Tuesday, September 30, 2014

The March to Barbarism

One consequence of the Iraq war is to expose (once again) the false divide between "civilized" and "barbarous" nations. The United States seems as capable of barbarism as anyone else, as the abuses at the Abu Ghraib prison make clear. Much of the time the barbarism in Iraq goes unrecorded, as when American tanks sweep into Iraqi neighborhoods and kill dozens of innocents in the name of fighting "insurgents." But barbarism is found in many quarters, as the grisly beheading of an American hostage made clear.

Every society, under certain conditions, is vulnerable to a descent into barbarism. Many historians have argued that German society under Hitler was somehow uniquely evil. False. Germany was destabilized by defeat in World War I, a harsh peace in 1919, hyperinflation in the 1920's, and the Great Depression of the 1930's, but was otherwise not uniquely barbarous. On the contrary, in the early part of the twentieth century, Germany was one of the world's richest countries, with enviably high education levels and scientific prowess. Hannah Arendt was closer to the mark when she wrote about the "banality of evil," not its uniqueness.

There seem to be two common characteristics of the descent into barbarism. The first is the relentless human tendency to classify the world as "us" versus "them," and then to reduce "them" to sub-human status. Such classifications probably evolved because they strengthened the cohesion of the "in" group, facilitating cooperation by harnessing hatred for those outside.

Hatred and violence against "others" seem to be manifested most powerfully as the result of fear: they are survival reactions. The descent into barbarism generally occurs in the midst of economic crisis or when localized violence has already flared. Fear leads one group to coalesce in order to protect itself, perhaps by attacking a competing group.

This pattern was evident in Yugoslavia's wars of the 1990's, where ethnic communities that had lived together more or less peacefully became enmeshed in civil war in the midst of a deep economic crisis. Similarly, Israelis and Palestinians have both engaged in barbaric acts in a tragic interplay of mutual fear that empowers extremists in both communities. There is no glory on either side of the Israel-Palestine debacle. But Israel, with its vastly stronger army, could and should have taken much wiser political decisions than occupying the West Bank with settlers.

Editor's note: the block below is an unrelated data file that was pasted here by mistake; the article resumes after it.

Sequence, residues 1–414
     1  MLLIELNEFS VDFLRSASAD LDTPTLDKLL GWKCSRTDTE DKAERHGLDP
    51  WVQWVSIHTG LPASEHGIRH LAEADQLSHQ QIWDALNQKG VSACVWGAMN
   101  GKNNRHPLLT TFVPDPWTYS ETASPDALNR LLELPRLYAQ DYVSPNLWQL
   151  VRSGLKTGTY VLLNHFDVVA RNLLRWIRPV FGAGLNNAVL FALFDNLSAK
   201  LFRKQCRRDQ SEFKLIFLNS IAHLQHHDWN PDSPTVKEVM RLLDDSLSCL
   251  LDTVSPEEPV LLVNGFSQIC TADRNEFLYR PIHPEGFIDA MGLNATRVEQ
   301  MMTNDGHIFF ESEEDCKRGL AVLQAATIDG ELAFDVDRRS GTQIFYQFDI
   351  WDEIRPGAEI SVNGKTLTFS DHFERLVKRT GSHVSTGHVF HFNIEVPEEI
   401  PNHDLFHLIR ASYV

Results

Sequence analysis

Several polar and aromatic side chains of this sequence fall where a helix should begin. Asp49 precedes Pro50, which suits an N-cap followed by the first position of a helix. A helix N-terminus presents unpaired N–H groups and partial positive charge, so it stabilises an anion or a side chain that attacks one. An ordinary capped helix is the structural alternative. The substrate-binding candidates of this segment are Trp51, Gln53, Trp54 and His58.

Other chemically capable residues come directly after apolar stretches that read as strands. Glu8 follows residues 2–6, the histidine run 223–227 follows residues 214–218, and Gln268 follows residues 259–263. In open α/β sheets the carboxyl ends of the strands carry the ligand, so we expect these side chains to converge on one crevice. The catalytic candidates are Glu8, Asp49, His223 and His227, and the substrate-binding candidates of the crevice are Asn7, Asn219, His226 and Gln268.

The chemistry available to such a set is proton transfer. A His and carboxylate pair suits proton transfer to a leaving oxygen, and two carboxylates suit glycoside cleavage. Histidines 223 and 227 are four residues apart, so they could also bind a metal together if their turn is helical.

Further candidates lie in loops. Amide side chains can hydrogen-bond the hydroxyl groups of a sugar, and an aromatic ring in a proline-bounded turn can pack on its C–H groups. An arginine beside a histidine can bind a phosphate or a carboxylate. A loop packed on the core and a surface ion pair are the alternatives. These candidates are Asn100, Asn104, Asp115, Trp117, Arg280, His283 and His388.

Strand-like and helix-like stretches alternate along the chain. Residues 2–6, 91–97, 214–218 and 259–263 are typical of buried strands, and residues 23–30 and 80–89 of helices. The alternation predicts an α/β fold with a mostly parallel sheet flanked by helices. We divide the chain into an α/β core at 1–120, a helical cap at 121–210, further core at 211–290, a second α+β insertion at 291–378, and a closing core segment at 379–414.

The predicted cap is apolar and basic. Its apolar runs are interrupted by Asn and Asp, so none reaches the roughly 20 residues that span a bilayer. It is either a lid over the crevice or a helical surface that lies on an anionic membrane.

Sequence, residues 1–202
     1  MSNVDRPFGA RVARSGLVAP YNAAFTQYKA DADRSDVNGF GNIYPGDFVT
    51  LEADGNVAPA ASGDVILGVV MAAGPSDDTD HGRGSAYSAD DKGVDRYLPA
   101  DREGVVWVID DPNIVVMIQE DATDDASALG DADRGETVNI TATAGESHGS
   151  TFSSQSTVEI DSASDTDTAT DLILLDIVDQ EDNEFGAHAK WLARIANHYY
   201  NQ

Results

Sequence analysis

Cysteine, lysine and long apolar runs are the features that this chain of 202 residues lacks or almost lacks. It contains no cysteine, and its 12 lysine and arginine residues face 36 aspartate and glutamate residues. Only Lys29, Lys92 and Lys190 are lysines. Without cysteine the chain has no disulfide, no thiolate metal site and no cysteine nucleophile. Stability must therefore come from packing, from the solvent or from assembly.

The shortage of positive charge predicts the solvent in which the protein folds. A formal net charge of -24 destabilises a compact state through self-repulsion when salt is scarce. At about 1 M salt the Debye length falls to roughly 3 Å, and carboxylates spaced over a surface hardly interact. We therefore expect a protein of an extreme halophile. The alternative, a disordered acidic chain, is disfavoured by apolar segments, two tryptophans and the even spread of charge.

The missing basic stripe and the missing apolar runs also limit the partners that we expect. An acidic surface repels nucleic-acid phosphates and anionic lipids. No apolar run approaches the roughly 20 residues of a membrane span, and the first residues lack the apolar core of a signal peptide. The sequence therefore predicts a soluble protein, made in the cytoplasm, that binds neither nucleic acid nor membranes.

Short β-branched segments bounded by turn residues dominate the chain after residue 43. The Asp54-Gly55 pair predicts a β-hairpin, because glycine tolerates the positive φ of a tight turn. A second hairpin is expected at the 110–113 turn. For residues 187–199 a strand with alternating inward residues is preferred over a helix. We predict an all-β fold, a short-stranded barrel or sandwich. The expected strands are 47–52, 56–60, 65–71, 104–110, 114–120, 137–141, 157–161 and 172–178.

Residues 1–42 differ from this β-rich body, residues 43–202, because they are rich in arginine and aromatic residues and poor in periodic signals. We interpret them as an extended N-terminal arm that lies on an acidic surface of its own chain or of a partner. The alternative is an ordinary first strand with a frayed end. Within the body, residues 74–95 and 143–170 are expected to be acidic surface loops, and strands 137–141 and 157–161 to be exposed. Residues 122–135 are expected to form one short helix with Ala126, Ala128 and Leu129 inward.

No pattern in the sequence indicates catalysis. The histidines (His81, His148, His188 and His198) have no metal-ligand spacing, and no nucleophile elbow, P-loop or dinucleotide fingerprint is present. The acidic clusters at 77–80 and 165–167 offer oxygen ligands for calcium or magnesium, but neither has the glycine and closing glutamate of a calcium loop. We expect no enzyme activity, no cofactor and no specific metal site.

American reactions to the Abu Ghraib torture scenes, followed by the beheading of the American hostage Nicholas Berg, show clearly the route to barbarism in a supposedly civilized country. In May 2004, The New York Times polled readers in a city in the US heartland, Oswego, Illinois. One retired businessman said, "Let's kill them all. Let's wipe them off the face of the earth." A Nazi leader would not have said it differently.

A tow truck driver said that the beheading "just affirms what I thought before. We're not being tough enough. This is something that we've got to do. We should attack our enemies directly and not back off till we succeed." A third respondent said something similar. "There was so much outrage about the prisoner abuse, which I certainly don't approve of, but this was much worse," she said, referring to the Berg murder. "What it tells me is that we can't let this kind of evil put down roots. We have to fight it decisively right now, or else we'll never be able to stamp it out."

Barbarous thinking comes easily, and right-wingers fuel the fervor, as when Rush Limbaugh said on his radio program "They're the ones who are perverted. They're the ones who are dangerous. They're the ones who are subhuman. They're the ones who are human debris, not the United States of America and not our soldiers and our prison guards."

I am not saying that the US is more depraved than other countries. What I am saying is that human society, even in the twenty-first century, is capable of sliding into barbaric thinking and action, no matter the level of "development."

The idea that any nation is morally superior, or that it has been divinely chosen as a leader of nations, is dangerous. Once we recognize how vulnerable all of the world is to this kind of descent into violence, the importance of international law and international institutions such as the United Nations become all the more obvious. The UN successfully resisted the powerful pressures of the US to condone a war with Iraq despite repeated US claims, now known to be false, that Iraq was in possession of weapons of mass destruction. The UN process worked. It was US policy that failed.

The events at Abu Ghraib underscore why international rules such as the Geneva Conventions on the treatment of combatants are so vital. By putting itself above the law, America allowed itself to succumb to barbaric behavior. Similarly, these events prove why the new International Criminal Court (ICC) is vital. The US strongly resisted the jurisdiction of the ICC, but American abuses at Abu Ghraib show why the US, should be subject to international law.

Perhaps that lesson - the need to subject even the most powerful country to international law - will be one benefit of the otherwise disastrous war that the US launched in Iraq. If this lesson is learned, the world will be far safer. America itself will be safer, in part because it will be less likely in the future to unleash a spiral of violence fueled by its own irrational fears and misunderstandings of the world.

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